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The U.S. bond yield is now surging on the concern of higher inflation and Friday, the Markit PMI survey indicated higher inflationary pressure in the real economy mainly due to supply chain disruption and higher pent-up demand. Flash data shows the Markit US Manufacturing PMI edged down to 58.5 in February from 59.2 in January, right on the expectations. Although expansions in production and new orders softened, rates of growth were still steep overall, as manufacturers noted stronger client demand. New export orders also rose further.
Nevertheless, supply chain disruption remained apparent, as suppliers’ delivery times lengthened to the greatest extent ever. Key raw material and component shortages, alongside transportation delays, were often cited as factors behind worsening vendor performance. Longer lead times also led to declines in stocks of purchases and finished goods. As a result, cost burdens were pushed higher. The rate of input cost inflation was the sharpest since April 2011 and output inflation the fastest pace since July 2008. The rate of job creation was the quickest since December 2017, while output expectations improved and were the highest since November 2020.
The Markit US Services PMI expanded by 58.9 in Feb, from 58.3 in Jan and above market expectations of 57.6 and at the strongest expansion (m/m) in the service sector since Mar’15, as new business growth picked up to a three-month high despite a decline in new export orders. Meanwhile, employment rose only marginally, amid COVID restrictions protocols. Pressure on capacity was evident nonetheless, as backlogs of work rose modestly.
On the price front, cost burdens increased by the most since data collection began in October 2009, while output charge inflation was the second-highest on record. Finally, ongoing COVID-19 restrictions led to hesitancy regarding the year-ahead outlook, as service providers registered softer output expectations.
Finally, the Markit US Composite PMI edged up to 58.8 in Feb, from 58.7 sequentially (Jan) as service sector output expanded by the most in almost three years, while manufacturing production growth moderated, but remained among the highest seen over the past decade. Firms raised their selling prices at the sharpest rate on record due to the partial pass-through of higher costs to clients. Finally, business confidence remained upbeat and among the highest seen over the past two years, albeit down from recent highs.
Price gauges hit record highs as businesses report the fastest growth for almost six years. Substantial price increases for inputs such as PPE led to the fastest rise in cost burdens since data collection began in October 2009. That said, more encouraging demand conditions allowed firms to pass on a greater proportion of the cost increase to clients through a marked rise in selling prices. The rate of charge inflation was the second-fastest on record (behind only November 2020).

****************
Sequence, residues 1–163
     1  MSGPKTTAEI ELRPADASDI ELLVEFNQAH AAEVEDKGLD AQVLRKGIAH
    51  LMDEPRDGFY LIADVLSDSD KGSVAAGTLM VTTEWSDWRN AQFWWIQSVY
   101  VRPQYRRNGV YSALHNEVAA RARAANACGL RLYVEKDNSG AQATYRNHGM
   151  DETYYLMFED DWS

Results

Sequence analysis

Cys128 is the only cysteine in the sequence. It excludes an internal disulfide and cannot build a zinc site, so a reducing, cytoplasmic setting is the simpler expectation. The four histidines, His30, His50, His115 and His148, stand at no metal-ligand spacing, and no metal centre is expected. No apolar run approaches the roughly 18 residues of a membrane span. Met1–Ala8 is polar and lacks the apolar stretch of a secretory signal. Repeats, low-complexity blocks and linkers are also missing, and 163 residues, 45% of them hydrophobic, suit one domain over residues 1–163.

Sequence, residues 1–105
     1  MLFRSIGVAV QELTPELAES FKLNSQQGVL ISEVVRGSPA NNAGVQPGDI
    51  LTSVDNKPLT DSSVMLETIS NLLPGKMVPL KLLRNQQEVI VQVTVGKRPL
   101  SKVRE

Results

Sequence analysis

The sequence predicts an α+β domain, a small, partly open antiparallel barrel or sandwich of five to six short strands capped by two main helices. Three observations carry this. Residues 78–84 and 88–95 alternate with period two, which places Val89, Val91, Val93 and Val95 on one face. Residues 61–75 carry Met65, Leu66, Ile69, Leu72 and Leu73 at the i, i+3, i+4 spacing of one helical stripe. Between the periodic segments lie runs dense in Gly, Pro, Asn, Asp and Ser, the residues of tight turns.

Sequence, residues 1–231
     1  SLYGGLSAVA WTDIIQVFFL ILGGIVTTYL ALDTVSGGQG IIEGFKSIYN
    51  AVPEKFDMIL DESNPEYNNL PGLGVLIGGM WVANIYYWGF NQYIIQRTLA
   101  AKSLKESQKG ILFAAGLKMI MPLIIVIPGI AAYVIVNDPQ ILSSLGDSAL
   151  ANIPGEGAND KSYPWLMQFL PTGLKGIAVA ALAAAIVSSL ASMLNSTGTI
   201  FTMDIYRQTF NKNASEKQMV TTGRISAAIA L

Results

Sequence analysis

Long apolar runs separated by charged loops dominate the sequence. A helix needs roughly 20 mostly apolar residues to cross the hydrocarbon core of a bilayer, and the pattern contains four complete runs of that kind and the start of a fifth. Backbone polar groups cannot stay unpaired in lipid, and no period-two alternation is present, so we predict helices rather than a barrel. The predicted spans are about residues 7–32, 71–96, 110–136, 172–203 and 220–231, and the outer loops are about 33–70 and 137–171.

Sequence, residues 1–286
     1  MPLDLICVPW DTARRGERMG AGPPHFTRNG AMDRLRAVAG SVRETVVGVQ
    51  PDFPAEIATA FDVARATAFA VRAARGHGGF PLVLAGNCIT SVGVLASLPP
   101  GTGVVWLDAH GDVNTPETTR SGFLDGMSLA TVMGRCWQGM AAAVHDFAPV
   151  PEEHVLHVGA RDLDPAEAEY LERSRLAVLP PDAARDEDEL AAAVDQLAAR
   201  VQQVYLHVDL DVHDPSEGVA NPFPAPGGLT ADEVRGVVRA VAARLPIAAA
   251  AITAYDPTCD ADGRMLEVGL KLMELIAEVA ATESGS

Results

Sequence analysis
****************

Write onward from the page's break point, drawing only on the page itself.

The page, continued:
Service sector growth hit the fastest since March 2015, with firms often reporting higher activity as virus-related restrictions were partially eased and inflows of new business picked up, notably among domestic customers. Exports of services fell, largely reflecting ongoing restrictions on travel and tourism.
The slower manufacturing growth was often blamed on extreme weather and existing widespread supply shortages. Supplier delays hit a record high during the month. Input costs across manufacturing and services soared higher as demand outstripped supply, rising at by far the steepest rate since comparable data were first available in 2009.
Despite headwinds of COVID-19, extreme weather, and record supply chain delays, US businesses reported the fastest output growth for almost six years in February. The data add to signs that the economy is enjoying a strong opening quarter to 2021, buoyed by additional stimulus and the partial reopening of the economy as virus-related restrictions were eased on average across the country.
Business sentiment remains buoyant, boosted by hopes of further stimulus and the vaccine roll-out, but it’s disappointing to see this not yet translate into stronger job growth. Many service sector firms, in particular, remain reluctant to hire, cautious about adding to overheads.
A concern is that firm’s costs have surged higher, driving selling prices for goods and services up at a survey record pace and hinting at a further increase in inflation.
Overall, Markit is concerned about possible higher inflation, not accompanied by higher employment/wages and higher growth for the U.S. economy at present; i.e. it’s like stagflation, not an ideal reflation.
US Markit Composite PMI
US Core CPI (Prices)
U.S. Wages ($/h)
At a glance in the last decade, the U.S. wage increased from around $20.5/h to $25.1/h; i.e. by almost +22.5%. And the U.S. Core CPI increased from around 220 to 270; i.e. by around +22.7%. Thus in the long term, the real wage growth is almost nil/negative wrt to core inflation. If we consider the headline CPI index for the same period of around 10-years, the real U.S. wage growth would be around +1.5%; i.e. almost nothing/negligible. But if we consider the last year, the real wage growth is around +3.7%.